Vice Presidential candidate Paul Ryan, the fiscal conservative hero of the Republican Party, once supported a US Energy Department loan program aimed at developing greener cars. Furthermore, Ryan even called for DOE to hand out lump-sum payments to companies. My, how times have changed since 2008 and 2009.
In a 2008 letter to then-Energy Secretary Samuel Bodman Ryan outlined a series of steps that the department should take as it finalized the Advanced Technology Vehicles Manufacturing (ATVM) loan program.
The setup of the ATVM loan program was to send out the money incrementally to loan recipients to ensure that those recipients met financial and performance milestones. By slowing handing out the money safe guards are created so that loan recipients who are not meeting finical and performance goals could potently be discontinued from the loan payouts. This would save federal money from going to failing companies – shades of Solyndra anyone?
Oddly, the 2008 letter showed Ryan taking a different approach. In place of incremental hands out, Ryan suggested that loan recipients have immediate access to the lump sum of the loan. This would allow the loan recipients to have more money to work with at the start. However, this method of money distribution complete removes any safe gourds and open the door of the possibility of a failing company to just take tax payers money and run. One could say that this “Ryan Plan” was not fiscally conservative at all.
But that is not all. The 2008 Ryan letter laid out other factors the Energy Department should consider when approving ATVM loans. They include prioritizing green projects that have ceased production or closed down – in other words breathe new life into already failed green industries. This would be the equivalent of Paul Ryan suggesting that government funds should go to Solyndra.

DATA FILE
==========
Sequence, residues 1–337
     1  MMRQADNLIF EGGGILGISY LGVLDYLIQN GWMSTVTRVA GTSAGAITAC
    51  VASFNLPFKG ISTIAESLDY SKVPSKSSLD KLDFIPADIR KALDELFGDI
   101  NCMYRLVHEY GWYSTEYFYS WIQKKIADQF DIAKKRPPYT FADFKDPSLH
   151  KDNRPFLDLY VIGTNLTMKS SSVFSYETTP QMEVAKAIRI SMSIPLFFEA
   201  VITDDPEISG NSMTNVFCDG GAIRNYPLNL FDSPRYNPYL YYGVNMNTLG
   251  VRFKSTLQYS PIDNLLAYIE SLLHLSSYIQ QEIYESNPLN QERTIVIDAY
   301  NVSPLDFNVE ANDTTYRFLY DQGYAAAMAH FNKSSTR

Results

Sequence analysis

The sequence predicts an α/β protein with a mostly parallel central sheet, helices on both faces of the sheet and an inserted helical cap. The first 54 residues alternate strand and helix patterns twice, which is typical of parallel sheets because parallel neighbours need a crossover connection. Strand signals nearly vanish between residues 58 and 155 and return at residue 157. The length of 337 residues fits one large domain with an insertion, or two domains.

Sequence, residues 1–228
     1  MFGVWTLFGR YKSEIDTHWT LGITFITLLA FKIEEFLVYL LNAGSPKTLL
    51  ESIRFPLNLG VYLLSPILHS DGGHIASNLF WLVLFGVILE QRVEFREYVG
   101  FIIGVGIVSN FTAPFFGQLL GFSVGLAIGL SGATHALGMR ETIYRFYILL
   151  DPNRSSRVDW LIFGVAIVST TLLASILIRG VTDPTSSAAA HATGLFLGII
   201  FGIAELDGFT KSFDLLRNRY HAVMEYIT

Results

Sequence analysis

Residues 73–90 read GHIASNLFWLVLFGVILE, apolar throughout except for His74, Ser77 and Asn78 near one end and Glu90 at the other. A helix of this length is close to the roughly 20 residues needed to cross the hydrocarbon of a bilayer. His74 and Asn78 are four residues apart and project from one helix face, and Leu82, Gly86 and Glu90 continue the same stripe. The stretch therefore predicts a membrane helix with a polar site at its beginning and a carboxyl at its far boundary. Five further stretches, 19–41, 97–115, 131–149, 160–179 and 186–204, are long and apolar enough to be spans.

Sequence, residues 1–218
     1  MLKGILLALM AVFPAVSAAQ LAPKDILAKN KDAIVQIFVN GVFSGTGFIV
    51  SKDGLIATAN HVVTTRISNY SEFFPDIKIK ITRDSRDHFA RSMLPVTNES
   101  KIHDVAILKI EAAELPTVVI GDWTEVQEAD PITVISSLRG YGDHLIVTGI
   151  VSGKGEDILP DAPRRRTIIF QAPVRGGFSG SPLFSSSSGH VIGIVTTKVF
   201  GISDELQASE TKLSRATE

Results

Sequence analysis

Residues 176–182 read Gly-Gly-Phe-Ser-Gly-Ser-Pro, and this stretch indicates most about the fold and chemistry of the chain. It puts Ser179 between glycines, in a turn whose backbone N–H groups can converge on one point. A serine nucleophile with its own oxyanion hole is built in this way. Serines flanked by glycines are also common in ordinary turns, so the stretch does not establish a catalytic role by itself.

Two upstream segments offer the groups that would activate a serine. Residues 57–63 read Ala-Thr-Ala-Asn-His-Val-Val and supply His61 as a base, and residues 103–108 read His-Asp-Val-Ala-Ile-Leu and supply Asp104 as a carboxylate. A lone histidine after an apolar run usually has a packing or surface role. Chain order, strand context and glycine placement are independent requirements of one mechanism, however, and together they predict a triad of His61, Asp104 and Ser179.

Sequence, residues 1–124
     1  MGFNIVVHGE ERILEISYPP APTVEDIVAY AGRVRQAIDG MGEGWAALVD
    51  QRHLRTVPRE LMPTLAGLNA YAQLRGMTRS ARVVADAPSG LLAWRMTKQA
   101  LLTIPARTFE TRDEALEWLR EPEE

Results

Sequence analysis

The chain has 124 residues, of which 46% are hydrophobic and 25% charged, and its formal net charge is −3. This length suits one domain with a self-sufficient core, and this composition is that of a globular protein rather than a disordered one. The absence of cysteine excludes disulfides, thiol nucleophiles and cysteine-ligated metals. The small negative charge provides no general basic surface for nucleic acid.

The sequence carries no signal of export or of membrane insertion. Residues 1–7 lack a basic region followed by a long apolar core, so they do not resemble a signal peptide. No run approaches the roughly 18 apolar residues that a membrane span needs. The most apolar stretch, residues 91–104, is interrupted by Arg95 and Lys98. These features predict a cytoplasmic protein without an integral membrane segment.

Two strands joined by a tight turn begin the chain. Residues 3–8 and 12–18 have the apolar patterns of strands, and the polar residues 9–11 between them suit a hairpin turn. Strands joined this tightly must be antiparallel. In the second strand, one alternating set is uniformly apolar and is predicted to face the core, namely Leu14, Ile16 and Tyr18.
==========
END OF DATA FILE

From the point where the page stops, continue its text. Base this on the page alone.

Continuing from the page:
It is important to note that the 2008 Ryan letter was signed by three other Wisconsin politicians; Democrats: Sen. Herb Kohl, then-Sen. Russ Feingold and Rep. Tammy Baldwin.
One company that did take advantage of the ATVM loan program was Fisker Automotive; the maker of the high end Karma electric vehicle (EV). To say that Fisker is a shining beacon of the EV movement would be outright crazy. The company has experienced an almost comical amount of problems in recent months and has become a target for Republicans looking to sully the name of green technology. However, in 2008 2009 Fisker is one of the companies that Ryan supported through the ATVM loan program.
In 2009 Ryan wrote to the Energy Department looking for additional stimulus money for two Wisconsin energy conservation companies – stimulus money that Ryan has been staunchly against. Ryan initially denied having made the 2009 requests but has since acknowledged it.
This is why the American public is losing faith in their leadership. Politicians either need to be for something, and be able to explain why, or be against something and be able to explain why. The Romney Ryan ticket just cannot seem to figure this out. For Romney and Ryan there is no message – well, I take that back, there is a campaign message but it depends on the day and the pop political issue of that day. But how can there be a message when both Romney and Ryan have shown an astonishing ability to be for an issue and then against that very same issue? This is not the style of leadership we need right now. Now is a time for consistency, slowly laying the ground works for a better tomorrow, and growing with the changing global market. We do not need to take this country back; we need to move it forward.
Andrew Meggison was born in the state of Maine and educated in Massachusetts. Andrew earned a Bachelor’s Degree in Government and International Relations from Clark University and a Master’s Degree in Political Science from Northeastern University. Being an Eagle Scout, Andrew has a passion for all things environmental. In his free time Andrew enjoys writing, exploring the great outdoors, a good film, and a creative cocktail. You can follow Andrew on Twitter @AndrewMeggison